Anas El Turabi and Philip Saynisch
Predicting the likely economic losses associated with future pandemic events is challenging. Pandemics are rare events, and we have relatively few data points to inform predictive models, with only three observed influenza pandemics in the 20th century.
We can, however, use the limited data we have to help us get a sense of the scale of likely losses. We can start, for example, by estimating how many pandemics we might see this century. We know that the 20th century saw three pandemics, so it might be reasonable to assume that there is around a 3 percent chance that a pandemic might occur in any given year. This means that, while on average we might get three pandemics each century, because of random variation, some centuries might get more and some might get fewer. We can use simulation models to give us a feel for how much the number of pandemics each century might vary due to random chance, and doing this gives us the distribution shown in Figure C-1.1
One important feature of this chart is that, although we would expect to see three or fewer events the majority of the time, there is a chance of the world experiencing more. Indeed, the 19th century saw five pandemics of cholera alone, which, although not directly comparable to the situation today, gives us a sense that the order of magnitude predicted by our model is reasonable.
Our model probably represents a conservative estimate of the risk of pandemic events; that is to say, there are reasons to believe the true risk could be higher. Our model uses data from the 20th century; however, a key conclusion of this report is that the risk of pandemic events is higher than it has been before and without further action is likely to continue to rise (see Box C-1).
To estimate the scale of economic losses associated with future pandemics, we can apply the same strategy of using what we know about previous pandemics to model the impact of future pandemics. Previous work has estimated the economic loss that occurred as a result of each of the 20th-century pandemics as 0.7–4.8 percent of global gross domestic product (GDP) (McKibben and Sidorenko, 2006). We can use these estimates to develop models of how much damage might be done to the global economy during future pandemics. Again, we use simulation models that take into account the uncertainty associated with the number of pandemics that might happen, as well as uncertainty associated with the damage done by pandemics when they strike. Using the same approach we used for modeling the number of events per century, we model the economic losses of these events throughout a century and use these estimates to get a distribution of expected annual losses2 (see Figure C-2).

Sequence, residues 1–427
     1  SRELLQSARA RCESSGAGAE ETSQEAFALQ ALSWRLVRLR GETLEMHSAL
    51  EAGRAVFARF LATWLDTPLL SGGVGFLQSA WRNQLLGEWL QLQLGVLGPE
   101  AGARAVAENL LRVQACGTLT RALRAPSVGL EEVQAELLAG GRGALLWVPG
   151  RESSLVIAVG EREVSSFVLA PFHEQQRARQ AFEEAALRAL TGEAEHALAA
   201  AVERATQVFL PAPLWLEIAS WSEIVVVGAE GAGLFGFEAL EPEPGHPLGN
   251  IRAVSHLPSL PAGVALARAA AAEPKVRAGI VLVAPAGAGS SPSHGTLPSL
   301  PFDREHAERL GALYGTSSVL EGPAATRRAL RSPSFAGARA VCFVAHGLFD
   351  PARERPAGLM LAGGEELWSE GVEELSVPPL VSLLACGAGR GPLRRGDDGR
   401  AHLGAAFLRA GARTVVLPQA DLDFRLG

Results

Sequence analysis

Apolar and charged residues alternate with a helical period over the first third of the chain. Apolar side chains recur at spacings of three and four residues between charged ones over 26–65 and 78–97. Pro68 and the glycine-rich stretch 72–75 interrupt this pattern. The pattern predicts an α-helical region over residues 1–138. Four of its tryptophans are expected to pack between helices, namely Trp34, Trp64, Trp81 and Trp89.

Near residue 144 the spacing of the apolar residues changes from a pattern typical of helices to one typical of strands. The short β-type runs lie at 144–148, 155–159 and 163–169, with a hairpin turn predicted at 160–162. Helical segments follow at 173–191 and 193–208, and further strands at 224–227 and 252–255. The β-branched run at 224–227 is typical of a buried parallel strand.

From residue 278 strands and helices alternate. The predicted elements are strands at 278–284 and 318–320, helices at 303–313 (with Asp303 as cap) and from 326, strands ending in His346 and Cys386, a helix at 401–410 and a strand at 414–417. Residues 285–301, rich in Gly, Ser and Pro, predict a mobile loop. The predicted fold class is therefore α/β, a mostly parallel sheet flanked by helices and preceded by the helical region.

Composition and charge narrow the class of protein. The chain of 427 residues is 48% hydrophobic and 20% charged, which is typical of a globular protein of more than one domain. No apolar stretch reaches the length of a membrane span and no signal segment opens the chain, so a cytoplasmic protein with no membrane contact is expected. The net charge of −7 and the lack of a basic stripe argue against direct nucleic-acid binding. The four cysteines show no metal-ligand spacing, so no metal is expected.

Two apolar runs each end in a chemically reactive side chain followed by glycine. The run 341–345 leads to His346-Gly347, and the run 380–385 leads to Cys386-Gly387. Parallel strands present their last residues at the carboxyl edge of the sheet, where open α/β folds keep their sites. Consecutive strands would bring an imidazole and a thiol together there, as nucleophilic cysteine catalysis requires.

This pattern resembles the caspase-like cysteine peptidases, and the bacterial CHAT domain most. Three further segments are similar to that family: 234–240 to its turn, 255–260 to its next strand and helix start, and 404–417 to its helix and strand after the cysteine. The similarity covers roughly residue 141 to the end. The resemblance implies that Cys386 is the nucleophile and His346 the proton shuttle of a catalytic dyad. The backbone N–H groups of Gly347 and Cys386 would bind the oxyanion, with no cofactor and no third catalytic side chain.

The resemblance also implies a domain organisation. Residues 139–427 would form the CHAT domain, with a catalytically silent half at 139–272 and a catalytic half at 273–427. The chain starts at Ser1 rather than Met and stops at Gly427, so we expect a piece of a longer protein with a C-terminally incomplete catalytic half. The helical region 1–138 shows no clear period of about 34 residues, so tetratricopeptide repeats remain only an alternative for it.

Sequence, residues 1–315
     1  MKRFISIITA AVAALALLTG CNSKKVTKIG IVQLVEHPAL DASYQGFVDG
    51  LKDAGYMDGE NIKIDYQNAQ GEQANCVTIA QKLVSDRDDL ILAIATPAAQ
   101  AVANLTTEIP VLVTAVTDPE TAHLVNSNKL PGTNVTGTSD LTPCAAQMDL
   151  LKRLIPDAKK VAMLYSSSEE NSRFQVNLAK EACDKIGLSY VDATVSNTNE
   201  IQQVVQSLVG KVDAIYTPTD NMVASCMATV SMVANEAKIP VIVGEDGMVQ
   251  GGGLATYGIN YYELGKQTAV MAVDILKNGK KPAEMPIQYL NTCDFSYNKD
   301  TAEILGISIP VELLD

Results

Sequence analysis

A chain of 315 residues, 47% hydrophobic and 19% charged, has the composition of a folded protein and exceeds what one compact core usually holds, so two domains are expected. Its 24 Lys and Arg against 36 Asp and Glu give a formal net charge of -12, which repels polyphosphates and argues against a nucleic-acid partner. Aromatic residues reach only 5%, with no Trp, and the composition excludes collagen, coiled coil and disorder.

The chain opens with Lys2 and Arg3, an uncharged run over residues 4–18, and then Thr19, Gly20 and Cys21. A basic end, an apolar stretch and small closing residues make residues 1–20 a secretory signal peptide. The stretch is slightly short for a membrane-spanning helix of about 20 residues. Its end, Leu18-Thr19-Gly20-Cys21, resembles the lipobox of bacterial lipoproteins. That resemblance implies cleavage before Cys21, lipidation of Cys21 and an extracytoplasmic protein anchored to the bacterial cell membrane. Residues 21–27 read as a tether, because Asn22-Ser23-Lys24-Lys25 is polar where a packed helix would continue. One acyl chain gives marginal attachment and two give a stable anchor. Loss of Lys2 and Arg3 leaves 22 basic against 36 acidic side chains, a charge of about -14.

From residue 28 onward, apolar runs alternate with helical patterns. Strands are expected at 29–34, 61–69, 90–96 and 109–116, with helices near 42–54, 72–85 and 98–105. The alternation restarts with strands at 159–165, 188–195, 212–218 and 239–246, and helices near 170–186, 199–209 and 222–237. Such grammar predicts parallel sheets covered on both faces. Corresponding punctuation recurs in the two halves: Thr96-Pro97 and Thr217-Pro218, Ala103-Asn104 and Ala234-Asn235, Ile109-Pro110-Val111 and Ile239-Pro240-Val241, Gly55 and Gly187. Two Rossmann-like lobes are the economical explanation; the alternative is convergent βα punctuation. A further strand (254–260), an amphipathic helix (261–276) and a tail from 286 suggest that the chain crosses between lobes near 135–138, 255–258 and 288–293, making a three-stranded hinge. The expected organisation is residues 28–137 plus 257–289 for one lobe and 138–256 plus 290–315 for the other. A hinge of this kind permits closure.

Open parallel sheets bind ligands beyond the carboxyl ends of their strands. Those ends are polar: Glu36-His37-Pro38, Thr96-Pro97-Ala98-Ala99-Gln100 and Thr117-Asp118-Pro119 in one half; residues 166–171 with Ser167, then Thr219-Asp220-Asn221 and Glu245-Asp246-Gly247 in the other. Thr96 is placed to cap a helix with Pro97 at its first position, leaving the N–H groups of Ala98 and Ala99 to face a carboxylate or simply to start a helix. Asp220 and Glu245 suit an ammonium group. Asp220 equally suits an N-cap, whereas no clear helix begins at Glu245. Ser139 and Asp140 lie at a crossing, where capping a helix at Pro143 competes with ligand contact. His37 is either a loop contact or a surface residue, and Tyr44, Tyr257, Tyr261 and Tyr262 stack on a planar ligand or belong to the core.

1 We use simulation to estimate the distribution of expected pandemic events per century by running 10,000 simulations of random draws from a binomial distribution, where the number of events, X, is distributed X~Bin(100,(3/100)). In doing this we are simulating the losses that might occur in 10,000 centuries and aggregating the results to show us how likely it is that we see different numbers of events per century, on average. Our principal modeling assumptions are that the probability of an event occurring in any year is fixed at 3 percent (derived from the observation of three influenza pandemics in the 20th century) and that the probability of an event occurring in any year is independent of whether events occurred in other years that century.